From Japan to the US: Professor Noriko Toyokawa

Professor Noriko Toyokawa builds bridges in an American society

Gayana Parsegova, Staff Writer


Dr. Noriko Toyokawa is a Japanese woman who strives to center her life around education not only for herself, but her students as well.

Toyokawa was born and raised in Tokyo, Japan and describes herself as a simple Japanese woman living in the U.S. and as a mother to an Asian­American son.

Growing up, Toyokawa had been immersed in an educational environment early on as her mother was an elementary school teacher. So naturally, following her mother’s footsteps was not a foreign concept.

Before Toyokawa had taken on the role of becoming a professor, she received her bachelor’s at the University of Tokyo in Brazilian and Portuguese studies. After receiving her degree, she did business traveling in the States with her husband until she received a job as a college dorm supervisor at Pennsylvania State University.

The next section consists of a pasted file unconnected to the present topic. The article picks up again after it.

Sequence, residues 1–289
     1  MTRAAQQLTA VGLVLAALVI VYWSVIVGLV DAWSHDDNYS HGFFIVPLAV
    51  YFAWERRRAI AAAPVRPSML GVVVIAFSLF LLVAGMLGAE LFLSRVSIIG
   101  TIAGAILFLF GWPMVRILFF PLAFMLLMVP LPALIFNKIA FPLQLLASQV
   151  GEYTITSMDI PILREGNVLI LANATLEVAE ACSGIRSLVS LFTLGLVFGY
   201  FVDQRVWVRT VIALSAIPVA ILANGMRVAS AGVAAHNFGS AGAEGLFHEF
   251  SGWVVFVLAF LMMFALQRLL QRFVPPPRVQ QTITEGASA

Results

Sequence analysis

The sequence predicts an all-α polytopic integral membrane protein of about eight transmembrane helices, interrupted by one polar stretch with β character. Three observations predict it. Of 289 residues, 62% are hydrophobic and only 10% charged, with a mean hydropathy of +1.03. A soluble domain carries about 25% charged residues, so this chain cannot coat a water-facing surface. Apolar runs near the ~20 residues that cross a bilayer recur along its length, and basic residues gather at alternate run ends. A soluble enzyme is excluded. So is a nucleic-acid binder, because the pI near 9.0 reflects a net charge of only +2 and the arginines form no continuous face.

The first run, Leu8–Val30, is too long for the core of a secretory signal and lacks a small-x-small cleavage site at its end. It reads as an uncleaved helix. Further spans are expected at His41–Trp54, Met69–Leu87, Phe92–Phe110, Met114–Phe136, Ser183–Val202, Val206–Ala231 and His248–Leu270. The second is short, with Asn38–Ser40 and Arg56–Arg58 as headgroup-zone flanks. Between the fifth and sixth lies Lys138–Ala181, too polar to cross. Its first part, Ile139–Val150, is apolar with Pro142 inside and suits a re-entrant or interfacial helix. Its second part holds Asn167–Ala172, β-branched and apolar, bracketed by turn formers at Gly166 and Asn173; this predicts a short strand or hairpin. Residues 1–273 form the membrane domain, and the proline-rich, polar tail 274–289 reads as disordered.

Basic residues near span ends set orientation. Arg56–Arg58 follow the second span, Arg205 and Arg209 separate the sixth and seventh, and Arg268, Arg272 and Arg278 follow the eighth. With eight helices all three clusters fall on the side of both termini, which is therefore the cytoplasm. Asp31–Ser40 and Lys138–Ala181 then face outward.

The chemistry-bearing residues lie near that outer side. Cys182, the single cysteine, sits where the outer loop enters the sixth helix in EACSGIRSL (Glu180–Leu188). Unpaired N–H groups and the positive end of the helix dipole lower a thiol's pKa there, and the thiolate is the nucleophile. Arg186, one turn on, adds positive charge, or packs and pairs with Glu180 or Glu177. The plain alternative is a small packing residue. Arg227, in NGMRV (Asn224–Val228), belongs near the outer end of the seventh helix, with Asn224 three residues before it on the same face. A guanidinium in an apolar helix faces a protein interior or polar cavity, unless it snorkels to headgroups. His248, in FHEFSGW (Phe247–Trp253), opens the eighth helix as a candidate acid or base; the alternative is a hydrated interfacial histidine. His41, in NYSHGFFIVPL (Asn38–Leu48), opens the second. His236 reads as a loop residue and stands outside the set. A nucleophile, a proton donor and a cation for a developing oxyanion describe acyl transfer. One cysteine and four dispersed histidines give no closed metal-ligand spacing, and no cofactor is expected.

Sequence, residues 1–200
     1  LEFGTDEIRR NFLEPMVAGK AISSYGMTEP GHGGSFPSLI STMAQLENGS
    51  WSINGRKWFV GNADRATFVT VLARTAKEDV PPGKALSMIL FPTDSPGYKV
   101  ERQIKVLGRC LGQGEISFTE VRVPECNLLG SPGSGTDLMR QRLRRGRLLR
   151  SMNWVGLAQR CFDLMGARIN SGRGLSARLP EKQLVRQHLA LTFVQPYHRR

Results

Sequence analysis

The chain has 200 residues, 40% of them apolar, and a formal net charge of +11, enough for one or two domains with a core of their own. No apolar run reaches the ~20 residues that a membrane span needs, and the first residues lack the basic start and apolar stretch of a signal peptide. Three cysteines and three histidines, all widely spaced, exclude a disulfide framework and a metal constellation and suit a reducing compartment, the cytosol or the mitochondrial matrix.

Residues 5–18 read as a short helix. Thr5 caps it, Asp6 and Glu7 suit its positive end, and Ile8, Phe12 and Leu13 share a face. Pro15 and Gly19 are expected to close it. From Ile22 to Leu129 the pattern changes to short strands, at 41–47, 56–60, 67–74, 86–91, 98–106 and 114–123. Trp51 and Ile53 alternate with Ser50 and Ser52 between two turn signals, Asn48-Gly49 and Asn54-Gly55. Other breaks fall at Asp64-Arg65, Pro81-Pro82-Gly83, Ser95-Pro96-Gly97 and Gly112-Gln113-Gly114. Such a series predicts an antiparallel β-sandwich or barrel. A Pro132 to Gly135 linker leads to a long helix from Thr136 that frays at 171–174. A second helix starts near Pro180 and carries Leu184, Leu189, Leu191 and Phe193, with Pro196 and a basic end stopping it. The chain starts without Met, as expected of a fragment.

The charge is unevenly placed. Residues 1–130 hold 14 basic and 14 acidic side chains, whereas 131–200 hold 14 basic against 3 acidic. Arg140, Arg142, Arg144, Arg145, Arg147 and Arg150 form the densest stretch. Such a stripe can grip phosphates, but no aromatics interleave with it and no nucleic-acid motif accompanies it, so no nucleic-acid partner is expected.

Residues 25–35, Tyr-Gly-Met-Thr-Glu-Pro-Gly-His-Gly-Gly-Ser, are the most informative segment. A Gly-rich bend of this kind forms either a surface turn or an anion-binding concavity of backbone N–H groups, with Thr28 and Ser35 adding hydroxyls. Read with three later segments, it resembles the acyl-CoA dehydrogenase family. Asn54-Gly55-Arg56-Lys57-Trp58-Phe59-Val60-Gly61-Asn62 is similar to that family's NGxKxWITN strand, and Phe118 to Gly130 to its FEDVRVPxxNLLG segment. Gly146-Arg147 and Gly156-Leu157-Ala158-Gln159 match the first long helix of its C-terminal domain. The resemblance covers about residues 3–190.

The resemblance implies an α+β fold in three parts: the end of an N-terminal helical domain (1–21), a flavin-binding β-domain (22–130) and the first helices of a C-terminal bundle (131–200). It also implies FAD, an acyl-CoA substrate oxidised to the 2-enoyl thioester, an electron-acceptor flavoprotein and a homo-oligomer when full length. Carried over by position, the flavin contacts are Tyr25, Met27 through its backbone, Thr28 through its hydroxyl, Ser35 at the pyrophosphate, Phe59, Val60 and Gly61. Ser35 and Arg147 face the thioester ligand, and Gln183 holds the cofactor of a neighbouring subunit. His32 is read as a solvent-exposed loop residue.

Taking this job was only a stepping stone in Toyokawa’s road to academia, but it was through this job that she realized that she wanted to work with young adults. Toyokawa went on to pursue a Ph.D. at Ohio State University, but instead took on a completely different route and went on to do research in the field of human development.

The road was not easy, but it was one that she found to be rewarding. Between figuring out the financial aspect of it all, she found herself being challenged linguistically, culturally and also within the social context of the American world she was trying to learn to live in.

“I’m not perfect and I know that, but I want to show my students how essential it is to be outgoing, especially through the field of human development, because a student can take [something] away from this small lesson and better their future with it. Ultimately, that is my goal for my students,” said Toyokawa.

Since 1993, Toyokawa has been teaching at CSUSM and said that she is extremely thankful to have been given the opportunity to pursue a career in what she is passionate about most.

She said,“I love and enjoy what I’m doing now—I have been and always will. I will always be thankful for my Japanese upbringing because it had helped me value and understand my family’s lessons to me in perseverance, life lessons from my father and my own personal experiences. All this shaped me to be the woman I am here today in the U.S.”